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Kuala Lumpur, Malaysia 2024

I had a 2 day stopover at Kuala Lumpur, Malaysia during my Singapore trip. Malaysia is adjacent to Singapore so a lot of Singaporeans usually vacation there (Kuala Lumpur is just an hour flight from Chiangi Airport).

My brother and his wife were flying into Kuala Lumpur International Airport around the same time but with a different airline as me. What we forgot to check is if we were flying into the same terminal. We didn't realize we were in different terminals until after we landed and that the two terminals are pretty far apart. We realized it when we got there and had a private driver waiting to drive us to the hotel. I was in Terminal 2 and it took them about 15 minutes to get here. There are no trams like some US airports. Keep that in mind if you get to that airport as the only quick way to get to the other terminal is by car/taxi or KLIAxpres which it the dedicated train system but you would have to purchase a ticket.

The hotel was about an hour drive from the airport. Luckily there was little traffic until closer to the hotel. We stayed at the KL Robertson, which is and apartment. Ours had two bedrooms and two baths and a kitchen. It was a gated building with guards up front (and not very friendly). It is conveniently located next to a couple of Malaysian and Indian restaurants, plus there were about 3 convenience stores including a 7-11.

Pictured: Living room, dining/kitchen and outside view from KL Rpbertson apartment.

Since we arrived at the hotel at 9pm, we just had time and energy to go to 7-11 and get some snacks and drinks for dinner. I did amass some interesting Malasia-specific drinks.

The first stop started with Indian Dosa and Prata (filled with egg) with various curry and chutneys. There was also a savory donut type snack called Medhu Vadai which you can dunk in the curries. Plus some nice desserts, which i forgot the name of. There is also a buffet style section where you pick out what you want and they charge you accordingly

Pictured: Dosa, Prata, Medhu Vadai and unknown desserts. Also a view pof the buffet section

As we made our way to one of the temples, we came across some nice street art

The next stop was the Sri Maha Mariamman Temple. A lot of interesting art

Next items were dumplings and pork filled buns. They were nice but really nothing specially. They did hit the spot.

The next stop was the Petaling Street Market. It was a long line of street vendors probabloy spanning about 5-6 blocks. It was pretty bustling at 11am.

Pictured: Petaling Street Market

Next stop was a higher end restaurant within the Petaling Street Market. It was a sit down restaurant with air-conditioning, which was a welcome change. We started off with a Malaysian Coffee drink called Cham. It is coffee (Kopi) with tea blended in, and sweetened with sugar and evaporated milk. It was quite refreshing (even if it wasn't 89 degrees F with 80% humidty).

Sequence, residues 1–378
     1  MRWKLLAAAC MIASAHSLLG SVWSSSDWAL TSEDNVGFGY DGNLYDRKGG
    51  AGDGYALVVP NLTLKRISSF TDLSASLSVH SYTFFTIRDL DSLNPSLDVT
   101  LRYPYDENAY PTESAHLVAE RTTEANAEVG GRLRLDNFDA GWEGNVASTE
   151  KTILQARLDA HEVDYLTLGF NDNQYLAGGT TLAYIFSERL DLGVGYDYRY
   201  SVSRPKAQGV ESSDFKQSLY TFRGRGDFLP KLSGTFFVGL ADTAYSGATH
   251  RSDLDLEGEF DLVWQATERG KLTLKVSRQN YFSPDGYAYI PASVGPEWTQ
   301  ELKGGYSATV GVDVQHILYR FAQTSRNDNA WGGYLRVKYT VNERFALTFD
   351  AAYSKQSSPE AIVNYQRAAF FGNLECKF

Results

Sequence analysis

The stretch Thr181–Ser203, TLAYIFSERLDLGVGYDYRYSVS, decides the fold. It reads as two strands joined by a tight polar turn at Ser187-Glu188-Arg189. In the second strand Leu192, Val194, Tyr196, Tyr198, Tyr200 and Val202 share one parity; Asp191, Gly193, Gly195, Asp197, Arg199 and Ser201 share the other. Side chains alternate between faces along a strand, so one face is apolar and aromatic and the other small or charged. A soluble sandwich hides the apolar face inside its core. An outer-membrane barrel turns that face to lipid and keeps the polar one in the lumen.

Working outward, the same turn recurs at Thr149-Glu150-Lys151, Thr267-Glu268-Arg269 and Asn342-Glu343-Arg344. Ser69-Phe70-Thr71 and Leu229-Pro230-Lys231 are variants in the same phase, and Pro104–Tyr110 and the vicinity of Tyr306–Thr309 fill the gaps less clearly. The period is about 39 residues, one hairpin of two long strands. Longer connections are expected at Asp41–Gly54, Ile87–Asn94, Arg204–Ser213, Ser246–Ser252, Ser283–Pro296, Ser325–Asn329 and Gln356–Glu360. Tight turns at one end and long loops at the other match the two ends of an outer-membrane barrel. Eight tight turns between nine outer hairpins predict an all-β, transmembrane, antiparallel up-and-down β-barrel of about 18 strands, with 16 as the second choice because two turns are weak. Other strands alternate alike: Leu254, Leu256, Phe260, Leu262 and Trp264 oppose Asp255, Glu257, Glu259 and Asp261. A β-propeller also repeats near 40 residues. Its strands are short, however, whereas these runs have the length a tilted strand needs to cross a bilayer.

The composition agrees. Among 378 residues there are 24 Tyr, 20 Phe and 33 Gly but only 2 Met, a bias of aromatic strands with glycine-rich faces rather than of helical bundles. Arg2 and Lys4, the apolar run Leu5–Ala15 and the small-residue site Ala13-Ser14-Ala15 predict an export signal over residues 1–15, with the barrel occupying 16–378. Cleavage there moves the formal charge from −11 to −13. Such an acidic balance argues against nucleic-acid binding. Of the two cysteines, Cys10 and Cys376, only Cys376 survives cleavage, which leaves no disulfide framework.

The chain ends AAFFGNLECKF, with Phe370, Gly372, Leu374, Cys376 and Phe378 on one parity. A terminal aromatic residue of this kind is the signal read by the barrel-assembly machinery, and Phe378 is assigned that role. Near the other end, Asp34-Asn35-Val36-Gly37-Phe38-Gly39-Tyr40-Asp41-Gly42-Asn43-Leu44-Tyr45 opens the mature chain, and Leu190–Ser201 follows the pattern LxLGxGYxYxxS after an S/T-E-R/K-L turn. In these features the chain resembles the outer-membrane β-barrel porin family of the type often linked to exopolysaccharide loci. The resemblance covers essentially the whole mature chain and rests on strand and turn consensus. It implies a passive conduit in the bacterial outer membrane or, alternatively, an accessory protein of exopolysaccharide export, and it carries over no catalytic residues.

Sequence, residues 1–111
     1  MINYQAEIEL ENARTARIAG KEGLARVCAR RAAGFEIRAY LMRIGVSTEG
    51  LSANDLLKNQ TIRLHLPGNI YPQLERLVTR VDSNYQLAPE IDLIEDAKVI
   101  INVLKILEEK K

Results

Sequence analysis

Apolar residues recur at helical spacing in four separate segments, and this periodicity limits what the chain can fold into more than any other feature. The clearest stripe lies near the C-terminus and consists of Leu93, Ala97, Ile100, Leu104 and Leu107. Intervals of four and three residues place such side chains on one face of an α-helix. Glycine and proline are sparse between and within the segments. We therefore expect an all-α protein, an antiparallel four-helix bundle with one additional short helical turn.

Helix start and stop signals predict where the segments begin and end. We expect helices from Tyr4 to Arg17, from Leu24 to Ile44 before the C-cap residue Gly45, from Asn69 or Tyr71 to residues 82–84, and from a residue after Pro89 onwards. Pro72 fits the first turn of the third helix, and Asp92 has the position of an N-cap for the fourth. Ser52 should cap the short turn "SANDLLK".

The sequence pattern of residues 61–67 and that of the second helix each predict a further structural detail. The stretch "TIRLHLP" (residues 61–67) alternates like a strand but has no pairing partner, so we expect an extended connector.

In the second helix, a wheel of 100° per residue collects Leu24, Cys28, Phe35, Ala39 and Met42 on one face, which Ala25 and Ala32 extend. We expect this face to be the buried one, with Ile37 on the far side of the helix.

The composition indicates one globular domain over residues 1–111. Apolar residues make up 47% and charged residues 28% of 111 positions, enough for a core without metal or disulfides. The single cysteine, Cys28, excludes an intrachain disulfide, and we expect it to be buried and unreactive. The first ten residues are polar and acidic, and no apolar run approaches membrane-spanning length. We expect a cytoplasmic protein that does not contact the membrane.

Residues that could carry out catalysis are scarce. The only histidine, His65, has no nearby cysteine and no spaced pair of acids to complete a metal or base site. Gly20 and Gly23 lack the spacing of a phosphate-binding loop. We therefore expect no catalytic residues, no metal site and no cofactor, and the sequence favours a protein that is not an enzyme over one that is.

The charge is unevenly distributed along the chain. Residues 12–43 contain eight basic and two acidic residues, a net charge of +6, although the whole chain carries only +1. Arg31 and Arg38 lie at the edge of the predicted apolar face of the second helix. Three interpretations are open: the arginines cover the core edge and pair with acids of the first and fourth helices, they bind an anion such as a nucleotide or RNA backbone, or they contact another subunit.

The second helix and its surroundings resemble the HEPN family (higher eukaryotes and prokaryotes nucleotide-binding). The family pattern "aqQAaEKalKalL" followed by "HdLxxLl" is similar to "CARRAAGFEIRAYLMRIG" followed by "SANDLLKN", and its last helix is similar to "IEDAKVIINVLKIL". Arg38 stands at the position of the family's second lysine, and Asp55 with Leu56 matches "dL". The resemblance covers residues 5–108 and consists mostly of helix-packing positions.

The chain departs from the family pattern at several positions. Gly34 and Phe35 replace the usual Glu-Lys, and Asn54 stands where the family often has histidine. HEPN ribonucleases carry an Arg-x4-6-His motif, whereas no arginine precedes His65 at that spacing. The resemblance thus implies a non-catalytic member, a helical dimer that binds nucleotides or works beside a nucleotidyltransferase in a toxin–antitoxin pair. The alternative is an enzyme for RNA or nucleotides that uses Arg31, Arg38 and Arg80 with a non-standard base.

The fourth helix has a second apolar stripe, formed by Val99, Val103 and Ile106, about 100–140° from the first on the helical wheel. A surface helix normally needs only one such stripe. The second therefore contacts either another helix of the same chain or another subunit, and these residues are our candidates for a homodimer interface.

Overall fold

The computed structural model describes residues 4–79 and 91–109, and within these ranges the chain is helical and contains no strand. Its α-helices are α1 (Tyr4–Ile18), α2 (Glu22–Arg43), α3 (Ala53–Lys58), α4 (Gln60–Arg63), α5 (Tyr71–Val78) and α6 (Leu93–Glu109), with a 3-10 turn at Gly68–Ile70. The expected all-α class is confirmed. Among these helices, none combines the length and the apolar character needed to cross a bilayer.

Pictured: Cham

The next dish was Nasi Lemak, Nasi lemak is a dish made of rice cooked in coconut milk. Aromatics, such as pandan leaves, bay leaves, lemongrass, ginger, garlic and fenugreek, can be added to it. It is commonly served with fried chicken, roasted peanuts, ikan bilis (fried anchovies) and sambal, The chicken is usually marinated overnight with turmeric and other spices. It is also pretty popular in Singapore. There are other versions with different protein such as pork cutlet or beef rendang but fried chicken is the most common.

Pictured: Nasi Lemak

We ended the meal with a Durian spring roll. It is the durian fruit wrap in, I believe, rice paper, then fried. For the unitiated, Durian is a Asian fruit known for its pungent smell. It is so bad to some people that it is banned in certain places. In Singapore, we had to sign a waiver to not bring during into the hotel room or face a fine. You cannot bring Durian into the subways and other places. Nevertheless, the fruit has had a notorious reputation. They say that if you can get past the smell, it's actually nice and sweet.

Pictured: Durian Spring Roll

This is the first time trying durian, and I liked it a lot. It was pretty sweet and the smell didn't bother me as much (it may be how it was prepared, as frying may have mellowed the smell). The surprising thing is how custardy the fruit is. Frying aside, I heard that durian is naturally custardy.